After weeks of deteriorating health, the world's oldest giant panda in captivity has died at a Hong Kong theme park. Jia Jia was a gift from Beijing on the second anniversary of Hong Kong's independence from Britain.
Veterinarians were forced on Sunday to euthanize the world's oldest captive giant panda in Hong Kong in order to prevent the animal from further suffering.
"This is a day we knew would eventually come, but it is nevertheless a sad day for everyone at the Park, especially for the Park's keepers who took care of her over the years," Ocean Park chairman Leo Kung said in a statement.
Giant panda Jia Jia was born in the wild and was taken to a wildlife reserve's breeding centre in 1980, when she was around two-years-old.
Euthanasia to 'prevent suffering'
After taking medication for high blood pressure and arthritis in old age, Jia Jia's condition deteriorated significantly over the past two weeks. As her food consumption plummeted from 10 kilograms (22 pounds) a day to less than three, the panda dramatically lost weight.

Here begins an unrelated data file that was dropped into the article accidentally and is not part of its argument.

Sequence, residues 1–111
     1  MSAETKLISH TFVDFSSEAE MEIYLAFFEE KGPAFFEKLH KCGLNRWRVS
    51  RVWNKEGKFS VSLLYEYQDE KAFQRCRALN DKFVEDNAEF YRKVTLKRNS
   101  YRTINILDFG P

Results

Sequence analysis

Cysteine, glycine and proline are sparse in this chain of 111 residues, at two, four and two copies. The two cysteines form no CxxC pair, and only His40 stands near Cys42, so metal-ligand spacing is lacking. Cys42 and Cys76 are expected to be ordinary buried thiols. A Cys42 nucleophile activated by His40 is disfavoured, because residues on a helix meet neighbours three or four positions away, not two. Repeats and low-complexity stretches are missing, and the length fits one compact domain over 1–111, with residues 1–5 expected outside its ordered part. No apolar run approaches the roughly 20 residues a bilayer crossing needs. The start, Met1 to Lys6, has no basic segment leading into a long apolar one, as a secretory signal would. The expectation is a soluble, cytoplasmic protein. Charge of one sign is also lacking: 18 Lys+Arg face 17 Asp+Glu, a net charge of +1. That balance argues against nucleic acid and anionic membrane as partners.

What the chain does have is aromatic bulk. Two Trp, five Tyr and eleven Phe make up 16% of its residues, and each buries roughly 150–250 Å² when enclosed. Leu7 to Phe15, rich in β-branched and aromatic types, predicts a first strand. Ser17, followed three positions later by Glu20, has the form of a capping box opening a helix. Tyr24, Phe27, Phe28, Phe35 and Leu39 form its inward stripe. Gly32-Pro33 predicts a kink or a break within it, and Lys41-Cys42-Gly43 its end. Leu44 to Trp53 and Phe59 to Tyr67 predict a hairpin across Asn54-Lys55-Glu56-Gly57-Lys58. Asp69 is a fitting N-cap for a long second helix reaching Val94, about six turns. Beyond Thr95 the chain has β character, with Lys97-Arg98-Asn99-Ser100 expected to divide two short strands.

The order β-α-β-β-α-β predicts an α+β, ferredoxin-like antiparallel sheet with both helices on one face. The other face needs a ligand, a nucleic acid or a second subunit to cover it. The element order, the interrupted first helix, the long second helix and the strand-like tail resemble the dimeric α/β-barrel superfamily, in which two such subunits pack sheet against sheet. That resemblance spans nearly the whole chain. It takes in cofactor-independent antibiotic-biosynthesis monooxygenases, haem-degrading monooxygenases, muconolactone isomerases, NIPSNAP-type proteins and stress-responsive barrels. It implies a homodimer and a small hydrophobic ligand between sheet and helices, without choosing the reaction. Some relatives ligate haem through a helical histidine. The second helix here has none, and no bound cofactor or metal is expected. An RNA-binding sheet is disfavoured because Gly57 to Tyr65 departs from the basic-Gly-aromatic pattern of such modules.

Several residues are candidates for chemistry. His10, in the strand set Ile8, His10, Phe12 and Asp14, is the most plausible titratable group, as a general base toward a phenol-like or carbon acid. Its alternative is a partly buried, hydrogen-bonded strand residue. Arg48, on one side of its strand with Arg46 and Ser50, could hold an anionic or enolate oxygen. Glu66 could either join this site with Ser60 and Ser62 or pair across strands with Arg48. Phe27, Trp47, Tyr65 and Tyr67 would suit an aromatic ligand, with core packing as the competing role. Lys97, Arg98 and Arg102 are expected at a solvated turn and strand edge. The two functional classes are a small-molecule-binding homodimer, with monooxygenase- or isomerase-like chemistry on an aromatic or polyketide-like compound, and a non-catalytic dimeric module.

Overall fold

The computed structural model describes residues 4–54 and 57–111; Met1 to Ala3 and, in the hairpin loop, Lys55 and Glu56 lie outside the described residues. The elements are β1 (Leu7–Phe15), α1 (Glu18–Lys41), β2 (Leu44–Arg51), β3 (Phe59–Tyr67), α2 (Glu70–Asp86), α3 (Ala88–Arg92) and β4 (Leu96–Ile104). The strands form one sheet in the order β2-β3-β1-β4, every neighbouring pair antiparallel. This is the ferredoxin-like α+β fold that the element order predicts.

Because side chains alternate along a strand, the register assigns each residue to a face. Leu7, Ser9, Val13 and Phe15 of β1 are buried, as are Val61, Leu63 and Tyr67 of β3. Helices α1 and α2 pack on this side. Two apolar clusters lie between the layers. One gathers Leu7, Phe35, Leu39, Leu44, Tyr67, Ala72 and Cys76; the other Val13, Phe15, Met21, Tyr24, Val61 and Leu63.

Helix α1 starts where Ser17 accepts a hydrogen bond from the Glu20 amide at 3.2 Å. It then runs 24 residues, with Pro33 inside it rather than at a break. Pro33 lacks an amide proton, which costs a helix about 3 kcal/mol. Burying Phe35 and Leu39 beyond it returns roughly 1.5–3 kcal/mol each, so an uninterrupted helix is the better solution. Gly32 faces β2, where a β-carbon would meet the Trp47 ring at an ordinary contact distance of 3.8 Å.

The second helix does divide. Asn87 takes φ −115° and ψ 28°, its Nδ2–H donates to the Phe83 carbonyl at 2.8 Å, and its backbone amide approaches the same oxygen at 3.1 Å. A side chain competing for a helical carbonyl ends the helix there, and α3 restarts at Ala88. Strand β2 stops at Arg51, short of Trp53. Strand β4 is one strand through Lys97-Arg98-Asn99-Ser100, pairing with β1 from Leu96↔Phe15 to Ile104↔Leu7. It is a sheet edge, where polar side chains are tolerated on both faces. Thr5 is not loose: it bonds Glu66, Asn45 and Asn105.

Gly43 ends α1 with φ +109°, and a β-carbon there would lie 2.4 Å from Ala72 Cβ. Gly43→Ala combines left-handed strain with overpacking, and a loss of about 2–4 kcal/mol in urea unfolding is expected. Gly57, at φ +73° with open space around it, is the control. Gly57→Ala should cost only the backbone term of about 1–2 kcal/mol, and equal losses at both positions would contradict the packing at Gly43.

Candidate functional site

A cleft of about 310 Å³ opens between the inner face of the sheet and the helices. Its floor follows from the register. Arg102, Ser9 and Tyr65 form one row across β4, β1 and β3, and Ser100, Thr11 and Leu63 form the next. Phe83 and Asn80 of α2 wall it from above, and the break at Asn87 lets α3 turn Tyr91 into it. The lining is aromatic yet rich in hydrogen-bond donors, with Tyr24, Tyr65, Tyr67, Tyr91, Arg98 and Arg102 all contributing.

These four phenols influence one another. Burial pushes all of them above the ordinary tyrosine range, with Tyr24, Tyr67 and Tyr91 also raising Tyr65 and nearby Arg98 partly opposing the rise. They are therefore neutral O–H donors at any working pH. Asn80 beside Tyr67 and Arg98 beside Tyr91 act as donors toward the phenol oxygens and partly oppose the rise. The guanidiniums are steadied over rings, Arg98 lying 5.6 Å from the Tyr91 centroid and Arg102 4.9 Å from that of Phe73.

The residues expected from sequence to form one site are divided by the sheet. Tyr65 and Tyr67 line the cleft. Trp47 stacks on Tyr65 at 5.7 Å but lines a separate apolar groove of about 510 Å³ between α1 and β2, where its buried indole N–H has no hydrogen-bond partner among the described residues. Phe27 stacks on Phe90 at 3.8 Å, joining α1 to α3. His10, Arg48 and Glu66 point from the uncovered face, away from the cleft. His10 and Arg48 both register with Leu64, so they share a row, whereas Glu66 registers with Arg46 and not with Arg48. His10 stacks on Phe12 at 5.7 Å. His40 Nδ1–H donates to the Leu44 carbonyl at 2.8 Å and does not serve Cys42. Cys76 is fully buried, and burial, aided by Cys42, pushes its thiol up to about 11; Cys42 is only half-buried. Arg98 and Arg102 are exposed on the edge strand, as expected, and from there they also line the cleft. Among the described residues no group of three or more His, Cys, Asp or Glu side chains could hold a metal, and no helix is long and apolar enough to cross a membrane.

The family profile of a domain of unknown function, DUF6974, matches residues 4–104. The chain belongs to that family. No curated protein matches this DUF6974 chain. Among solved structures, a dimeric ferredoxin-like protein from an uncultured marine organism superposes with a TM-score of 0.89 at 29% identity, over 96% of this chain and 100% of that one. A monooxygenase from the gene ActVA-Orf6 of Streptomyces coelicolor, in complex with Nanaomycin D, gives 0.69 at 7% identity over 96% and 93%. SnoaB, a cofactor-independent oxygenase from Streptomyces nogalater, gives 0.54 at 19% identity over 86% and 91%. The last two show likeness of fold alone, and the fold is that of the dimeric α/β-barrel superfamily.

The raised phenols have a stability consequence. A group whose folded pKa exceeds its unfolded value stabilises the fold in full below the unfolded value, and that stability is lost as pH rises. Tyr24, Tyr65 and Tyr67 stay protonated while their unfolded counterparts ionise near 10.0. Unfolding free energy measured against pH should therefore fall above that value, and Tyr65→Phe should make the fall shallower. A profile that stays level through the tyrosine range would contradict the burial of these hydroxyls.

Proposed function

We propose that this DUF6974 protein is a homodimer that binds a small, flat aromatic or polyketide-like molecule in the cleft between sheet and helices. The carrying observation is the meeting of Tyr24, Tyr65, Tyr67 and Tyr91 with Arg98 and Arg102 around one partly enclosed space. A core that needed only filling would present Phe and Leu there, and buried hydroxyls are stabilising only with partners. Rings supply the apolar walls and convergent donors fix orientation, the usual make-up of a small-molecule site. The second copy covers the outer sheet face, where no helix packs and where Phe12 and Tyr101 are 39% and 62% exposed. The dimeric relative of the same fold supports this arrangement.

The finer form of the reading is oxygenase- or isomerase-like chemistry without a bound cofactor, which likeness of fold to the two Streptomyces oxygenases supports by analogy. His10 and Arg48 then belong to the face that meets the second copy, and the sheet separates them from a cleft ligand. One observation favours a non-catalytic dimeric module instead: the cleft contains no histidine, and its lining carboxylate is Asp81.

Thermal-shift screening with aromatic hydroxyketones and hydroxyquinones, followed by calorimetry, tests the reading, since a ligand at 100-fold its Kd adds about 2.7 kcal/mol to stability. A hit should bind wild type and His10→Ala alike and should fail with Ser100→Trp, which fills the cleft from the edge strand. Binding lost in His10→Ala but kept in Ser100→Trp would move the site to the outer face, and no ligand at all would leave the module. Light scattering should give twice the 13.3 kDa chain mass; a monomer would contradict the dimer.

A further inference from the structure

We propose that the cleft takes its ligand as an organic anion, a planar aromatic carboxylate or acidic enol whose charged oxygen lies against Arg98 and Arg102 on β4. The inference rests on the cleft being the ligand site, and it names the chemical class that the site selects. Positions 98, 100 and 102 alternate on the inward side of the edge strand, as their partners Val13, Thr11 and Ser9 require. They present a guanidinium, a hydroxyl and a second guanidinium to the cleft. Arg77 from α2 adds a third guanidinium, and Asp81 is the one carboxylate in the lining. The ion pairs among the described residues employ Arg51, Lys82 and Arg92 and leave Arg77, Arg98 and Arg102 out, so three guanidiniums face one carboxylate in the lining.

"Her state became so debilitated that based on ethical reasons and in order to prevent suffering, veterinarians from the Agriculture, Fisheries and Conservation Department and Ocean Park [authorities] agreed to a humane euthanasia for Jia Jia," the theme park said.
Race to save the species
Although pandas are traditionally symbolic animals in China, Jia Jia carried extra significance as she, along with another panda An An, were gifts from Beijing to Hong Kong in 1999 on the occasion of its second anniversary of independence from Britain.
Jia Jia, whose name translates as 'excellence,' held the Guinness World Record as the oldest living giant panda in captivity. The average lifespan for a panda is only 18 to 20 years in the wild, although that jumps to 30 for pandas in captivity.
Due to their low birth rate and the destruction of their natural habitats, captive breeding programs have become essential to ensuring the species' survival. According to Ocean Park, Jia Jia gave birth five times to six panda cubs whilst in captivity.
The World Wildlife Fund (WWF) estimates that there are fewer than 2,000 giant pandas now left in the wild.
tm/jlw (AFP, AP)